Andy: I think music in general still has elements of counterculture today, but it depends on how the artist utilise their platform. A key example of that is Stormzy’s performance at Glastonbury last year, where he wore a stab-proof vest made by Banksy to comment on Britain’s knife-crime crisis and racial inequality in the criminal justice system. But it’s also true that there are examples where music is business-focused.
Ken: Specifically to the electronic music scene, you’ll see a lot of memes on social media surrounding “business techno”. No one really knows what falls in that category, but I think it’s to do with the idea of DJs and artists making “sell-out” music rather than pushing the boat out with something a little more experimental and creative. I think there is a place for that kind of music in the industry as it does the job – it brings money in to support the industry as a whole.
Onto the music… we’re really into “Reverie”. Any specific inspiration behind it?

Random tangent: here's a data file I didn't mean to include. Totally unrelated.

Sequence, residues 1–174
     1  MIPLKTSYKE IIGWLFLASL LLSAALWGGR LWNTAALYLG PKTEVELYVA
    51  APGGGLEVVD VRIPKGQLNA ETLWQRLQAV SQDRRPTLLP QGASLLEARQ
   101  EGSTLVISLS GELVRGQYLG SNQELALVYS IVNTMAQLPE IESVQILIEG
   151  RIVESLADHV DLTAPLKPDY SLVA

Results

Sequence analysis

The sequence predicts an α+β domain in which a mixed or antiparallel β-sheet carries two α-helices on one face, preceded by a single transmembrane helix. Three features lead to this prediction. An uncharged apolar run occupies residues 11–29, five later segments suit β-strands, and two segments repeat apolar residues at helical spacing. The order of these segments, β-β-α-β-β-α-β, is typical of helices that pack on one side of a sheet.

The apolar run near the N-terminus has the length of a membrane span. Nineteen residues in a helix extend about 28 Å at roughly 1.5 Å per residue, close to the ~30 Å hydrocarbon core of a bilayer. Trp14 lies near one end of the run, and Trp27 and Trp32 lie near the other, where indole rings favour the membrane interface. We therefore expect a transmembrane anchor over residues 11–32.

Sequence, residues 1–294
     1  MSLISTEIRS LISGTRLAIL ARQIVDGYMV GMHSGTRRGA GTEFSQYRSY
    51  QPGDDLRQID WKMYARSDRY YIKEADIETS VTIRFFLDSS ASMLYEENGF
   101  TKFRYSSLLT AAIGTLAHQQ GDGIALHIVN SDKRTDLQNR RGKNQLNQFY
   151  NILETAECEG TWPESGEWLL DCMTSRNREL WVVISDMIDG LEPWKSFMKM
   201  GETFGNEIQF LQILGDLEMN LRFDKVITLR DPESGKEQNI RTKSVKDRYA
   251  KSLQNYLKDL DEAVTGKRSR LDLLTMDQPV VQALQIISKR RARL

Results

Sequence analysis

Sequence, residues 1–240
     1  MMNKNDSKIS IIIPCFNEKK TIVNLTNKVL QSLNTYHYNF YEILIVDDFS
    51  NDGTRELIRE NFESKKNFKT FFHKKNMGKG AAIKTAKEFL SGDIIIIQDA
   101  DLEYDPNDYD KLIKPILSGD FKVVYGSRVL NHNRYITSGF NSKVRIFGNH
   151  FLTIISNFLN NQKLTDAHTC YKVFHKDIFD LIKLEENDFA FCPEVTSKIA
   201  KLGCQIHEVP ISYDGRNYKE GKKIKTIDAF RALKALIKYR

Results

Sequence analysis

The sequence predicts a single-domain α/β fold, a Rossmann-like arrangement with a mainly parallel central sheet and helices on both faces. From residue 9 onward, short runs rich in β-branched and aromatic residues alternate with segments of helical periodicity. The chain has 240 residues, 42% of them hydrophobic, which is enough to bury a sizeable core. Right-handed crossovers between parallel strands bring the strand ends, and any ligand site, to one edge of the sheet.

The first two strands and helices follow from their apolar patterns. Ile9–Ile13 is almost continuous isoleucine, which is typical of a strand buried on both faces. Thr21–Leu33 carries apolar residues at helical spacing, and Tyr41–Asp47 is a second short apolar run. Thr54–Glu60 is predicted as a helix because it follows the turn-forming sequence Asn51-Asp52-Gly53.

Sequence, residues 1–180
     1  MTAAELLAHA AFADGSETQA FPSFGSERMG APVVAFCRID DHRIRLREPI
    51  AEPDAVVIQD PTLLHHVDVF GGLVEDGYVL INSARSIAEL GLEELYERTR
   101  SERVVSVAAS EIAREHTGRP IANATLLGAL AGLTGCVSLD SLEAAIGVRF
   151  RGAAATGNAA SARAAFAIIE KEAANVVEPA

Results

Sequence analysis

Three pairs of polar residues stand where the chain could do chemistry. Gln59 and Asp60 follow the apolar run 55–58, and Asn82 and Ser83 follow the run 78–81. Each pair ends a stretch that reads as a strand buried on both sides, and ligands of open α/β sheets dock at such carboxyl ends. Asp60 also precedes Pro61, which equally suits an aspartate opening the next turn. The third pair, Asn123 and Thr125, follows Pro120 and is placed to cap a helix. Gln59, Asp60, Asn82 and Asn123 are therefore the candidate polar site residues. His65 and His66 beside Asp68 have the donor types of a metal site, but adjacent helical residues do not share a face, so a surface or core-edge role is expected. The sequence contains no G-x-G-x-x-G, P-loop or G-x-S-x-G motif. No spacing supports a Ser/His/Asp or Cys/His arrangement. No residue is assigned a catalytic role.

Andy: Thanks for the kind words. Reverie for us is a state of pleasantness in which you can put your head back and get lost in the music. While producing it we wanted to convey a certain emotion to the listeners, one act that we take inspiration from that do this is Bicep. Their ability to transport a dance floor with their records really intrigues us.
Ken: We saw Bicep’s live performance at Printworks about two years ago and we both agreed that it was probably the best electronic act we’ve seen. We take a lot of inspiration from their synth design and then add a little Tibasko touch. We aim to produce music that makes people think, makes people feel and of course, makes people dance.
How does working as a duo help fuel creativity in the studio? And what are the drawbacks, if any?
Andy: Great question, working as a duo is fantastic when I’m not feeling my most creative, I can take more of a backseat roll in the production and vice-versa, this often negates the dreaded ‘writer’s block’ that most producers feel. Also having your partner there to ofter the second set of ears is so crucial, they might have a specific sound in mind that you had not even thought of.